Snapshot of the River Oaks Market at Mid-May 2023

It has been a confounding year so far in the River Oaks real estate market. And, when perplexed, there is a tendency for the market participants to grab at headlines in an attempt to make sense of it all. On everyone’s lips are phrases like “high interest rates,” “recession coming soon,” “mid-sized banks” and “low inventory levels.”

Simultaneously one hears of high prices due to a lack of houses for sale, even while higher mortgage costs/the fear of looming recession is finally causing a retreat of high prices.

It can’t all be true. Or can it? Let’s just say that it’s more complicated than that, and it’s certainly a bifurcated market.

Inventory and Sales

Let’s first address the inventory myth.

You have often read here that River Oaks is an inventory-driven market. A good supply draws the buyers into the market. So far in 2023, overall inventory in River Oaks at any given time has been significantly lower than in recent years.

And yet the inventory has been turning over at a sufficient pace to produce a perfectly respectable level of sales.

True, the 19 transactions through the end of April of 2023 are fewer than for the same period of 2022, and certainly far behind 2021. (Ah, 2021 … those were the days!)

But if you look at the total number of transactions – that’s including houses and lots on MLS, plus a small handful of private transactions – you’ll see that the numbers are up for 2023 for both number of transactions and the total sales volume.

A little more concerning is the current state of inventory when compared with pending contracts.

The lower and middle sectors of the market seem to be pulling their weight, but the high end is looking rather flaccid with copious inventory and just one pending contract that has been unable to actually close for months.

What’s Really Happening in this Market

At lunch recently with a client and friend – he’s what my parents’ generation would have called a stockbroker – we were discussing the mixed signals in the news and how we make sense of it all in order to provide our clients with sound advice.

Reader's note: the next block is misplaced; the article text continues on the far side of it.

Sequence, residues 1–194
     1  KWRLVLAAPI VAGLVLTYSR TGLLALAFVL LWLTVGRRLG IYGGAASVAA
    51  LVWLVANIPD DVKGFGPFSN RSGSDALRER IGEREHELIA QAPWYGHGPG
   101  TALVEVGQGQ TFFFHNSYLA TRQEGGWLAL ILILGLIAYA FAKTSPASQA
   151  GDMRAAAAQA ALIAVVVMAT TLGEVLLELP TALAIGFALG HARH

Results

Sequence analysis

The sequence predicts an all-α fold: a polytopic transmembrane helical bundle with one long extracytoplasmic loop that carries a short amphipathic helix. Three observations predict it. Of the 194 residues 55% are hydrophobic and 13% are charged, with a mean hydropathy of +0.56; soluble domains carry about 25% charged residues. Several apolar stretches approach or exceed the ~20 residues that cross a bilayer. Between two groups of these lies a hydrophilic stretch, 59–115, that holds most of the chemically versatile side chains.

My friend and I agreed that we have a low tolerance for risk, especially when it comes to other people’s money. And that the only formula for a good night’s sleep in a transitioning market is to crunch the numbers and analyze market forces. Both of us rely on a clientele that does not appreciate the seat-of-the-pants school of stock market investing or residential real estate.

Speaking of which, it was telling to note that the four recent-construction resales (by sellers who had relatively recently purchased spec houses) so far in 2023 have resulted in losses for the sellers. That is consistent form.

Which brings us back to how this is a bifurcated market: Those sellers of recent construction could probably afford to take a loss – as annoying as it must be to do so. By the same token, many of the sales in 2023 that caused eyebrows to be raised were also completed by buyers who could afford to pay a premium. All that extra money that is sloshing around in certain circles allows for such indulgences.

For everyone else, however well-to-do they may be, there is a determination to be cautious and conscientious in their real estate decisions.

Those two very different tendencies define our current market, sending conflicting signals to buyers and sellers.

We encourage you to contact us if you wish to sort out the wheat from the chaff.